Our government is in the process of making some tough decisions about the war in Afghanistan. There are several ideas on how to deal with a country riddled with tribal conflicts and pervasive instability. One idea is to send more troops—as many troops as nearly half of Rockdale County’s population. With that many troops embarking oversees in addition to the thousands employed, Christians should consider how to be politically engaged during this time of war.
The complex relationship between Christians and warfare began when the Roman emperor, Constantine, made Christianity the official religion of the Roman Empire. At the time, tribal groups from the East threatened the very fabric of the Roman Empire and encroached on its territory. It turned out that thousands of Christians, now suddenly able to worship freely, made for a formidable force indeed.
Nevertheless, Christians debated how to reconcile war with the teachings of Jesus, some of which commanded believers to not kill, much less be angry with one another (Matthew 5:21-22). How were Christians going to engage in battle with an ethic like that?
Enter St. Augustine of Hippo, one of the most influential theologians of the early church. He came up with this little thing called the just-war theory, which basically outlined a set of circumstances that, if met, permitted Christians to go to war.
Just-war theory continues to guide how Christians think about war. I remember back when President George W. Bush made a case for going to war with Iraq in 2003 he basically cited in so many words the just-war theory. Many Christians went to war willingly, some without even considering the negative implications of war on the Middle Eastern world.
Years later, we are still debating whether the wars in Iraq and Afghanistan are just. Christians are divided, and there does not seem to be any end in sight as to the propagation on views ranging from all out nuclear proliferation to extreme pacifism.
In The Future of Faith in American Politics, Baptist ethicist David Gushee writes, “It is not too simple to say that our nation is constantly fighting wars and that as we do, we are constantly assessing those wars according to some version of just-war theory.”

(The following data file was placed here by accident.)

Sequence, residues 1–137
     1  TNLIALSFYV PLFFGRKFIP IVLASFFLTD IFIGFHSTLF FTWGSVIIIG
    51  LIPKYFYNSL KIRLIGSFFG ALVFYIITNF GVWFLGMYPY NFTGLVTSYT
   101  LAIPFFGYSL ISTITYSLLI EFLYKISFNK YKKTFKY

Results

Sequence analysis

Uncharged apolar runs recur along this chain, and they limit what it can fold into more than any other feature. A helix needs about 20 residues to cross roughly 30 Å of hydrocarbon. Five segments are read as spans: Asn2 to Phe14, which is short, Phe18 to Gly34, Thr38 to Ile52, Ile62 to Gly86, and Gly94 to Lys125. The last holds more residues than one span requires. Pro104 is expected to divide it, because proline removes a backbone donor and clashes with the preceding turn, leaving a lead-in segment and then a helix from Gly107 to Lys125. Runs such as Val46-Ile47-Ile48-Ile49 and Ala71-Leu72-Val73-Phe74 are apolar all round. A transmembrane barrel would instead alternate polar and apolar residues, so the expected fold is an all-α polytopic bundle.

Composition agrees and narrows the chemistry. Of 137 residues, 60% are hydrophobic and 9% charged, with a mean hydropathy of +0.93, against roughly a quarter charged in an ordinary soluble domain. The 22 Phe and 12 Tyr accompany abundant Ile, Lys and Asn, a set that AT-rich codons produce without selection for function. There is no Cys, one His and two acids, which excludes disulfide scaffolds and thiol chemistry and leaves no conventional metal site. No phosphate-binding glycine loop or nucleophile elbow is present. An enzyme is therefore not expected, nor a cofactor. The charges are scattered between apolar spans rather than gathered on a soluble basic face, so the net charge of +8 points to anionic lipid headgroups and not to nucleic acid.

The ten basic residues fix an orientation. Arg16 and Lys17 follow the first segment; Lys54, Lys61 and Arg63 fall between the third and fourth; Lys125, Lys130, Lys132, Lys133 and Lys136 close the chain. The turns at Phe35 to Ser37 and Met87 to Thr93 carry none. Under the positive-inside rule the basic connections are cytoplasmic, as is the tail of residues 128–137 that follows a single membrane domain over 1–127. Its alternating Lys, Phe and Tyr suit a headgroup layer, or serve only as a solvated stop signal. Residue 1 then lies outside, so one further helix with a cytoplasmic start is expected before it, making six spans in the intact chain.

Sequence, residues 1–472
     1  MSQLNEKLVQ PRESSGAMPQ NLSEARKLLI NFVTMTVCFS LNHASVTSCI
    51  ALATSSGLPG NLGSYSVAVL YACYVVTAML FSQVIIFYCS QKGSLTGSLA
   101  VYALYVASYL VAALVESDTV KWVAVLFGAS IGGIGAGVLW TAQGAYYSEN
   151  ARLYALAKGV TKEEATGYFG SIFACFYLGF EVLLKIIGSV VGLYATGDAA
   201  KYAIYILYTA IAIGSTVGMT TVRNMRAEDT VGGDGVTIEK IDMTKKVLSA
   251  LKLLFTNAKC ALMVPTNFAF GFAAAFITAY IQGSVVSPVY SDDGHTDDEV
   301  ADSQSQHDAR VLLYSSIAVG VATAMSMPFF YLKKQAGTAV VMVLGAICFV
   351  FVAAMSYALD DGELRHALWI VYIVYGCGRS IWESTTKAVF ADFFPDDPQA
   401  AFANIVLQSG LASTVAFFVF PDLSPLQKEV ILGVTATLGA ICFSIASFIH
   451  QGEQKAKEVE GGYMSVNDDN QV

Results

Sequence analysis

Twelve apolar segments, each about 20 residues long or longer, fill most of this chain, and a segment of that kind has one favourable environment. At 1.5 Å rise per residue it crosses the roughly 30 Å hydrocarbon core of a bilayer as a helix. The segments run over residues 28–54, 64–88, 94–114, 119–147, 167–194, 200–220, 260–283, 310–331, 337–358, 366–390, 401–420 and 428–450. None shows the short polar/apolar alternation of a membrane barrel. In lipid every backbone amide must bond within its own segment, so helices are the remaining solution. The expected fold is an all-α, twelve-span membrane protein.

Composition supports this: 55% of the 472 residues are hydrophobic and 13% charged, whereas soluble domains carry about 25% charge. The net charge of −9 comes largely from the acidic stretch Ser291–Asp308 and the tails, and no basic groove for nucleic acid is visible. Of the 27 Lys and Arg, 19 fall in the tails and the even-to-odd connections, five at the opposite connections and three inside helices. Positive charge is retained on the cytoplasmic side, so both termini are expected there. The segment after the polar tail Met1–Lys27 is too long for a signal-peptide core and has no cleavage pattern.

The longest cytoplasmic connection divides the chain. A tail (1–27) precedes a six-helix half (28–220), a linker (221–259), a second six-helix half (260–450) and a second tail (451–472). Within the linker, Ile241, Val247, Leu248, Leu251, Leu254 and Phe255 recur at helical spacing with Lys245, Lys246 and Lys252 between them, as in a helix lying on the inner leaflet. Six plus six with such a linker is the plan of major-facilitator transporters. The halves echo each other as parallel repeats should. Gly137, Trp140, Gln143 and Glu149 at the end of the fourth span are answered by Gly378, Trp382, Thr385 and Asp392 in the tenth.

We have to just agree to disagree on this one.
What I think we can agree on is that God calls Christians to be truth-tellers, many of which reflect directly on our Christian witness.
One truth is that all humans are made in God’s image. Torture, unilateral arrogance, and intimidation belittle others in the global community and are not becoming of a nation that prides itself on family values and moral authority. Just warfare implies precision and great care, with as little civilian casualties as possible.
If you think this is obvious, then just remember Blackwater’s dismal record regarding civilian loses, Blackwater being a company headed up by an outspoken Christian.
Another truth is that Christians can biblically support what Glen Stassen calls just peacemaking. This means helping Afghanistan and Iraq build healthy infrastructures by instilling trust-building measures, focusing on dialogue-driven conflict resolution, and enacting human rights initiatives. The focus emphasizes preventative policies aside from military ones.
Lastly, being a truth-teller means keeping our leaders accountable to making decisions that are in the best interest of the global community, of which all Christians are a part. In effect, it’s up to us to remind our leaders of their promise to keep their eyes on the ball, the ball of peacemaking.
My father had a saying: “You live by the gun, you die by the gun.” The justification for war will always be debated and wars often fought, but truth-telling must be assertive in demanding obedience to God’s will and the laying down of guns for humanity’s sake.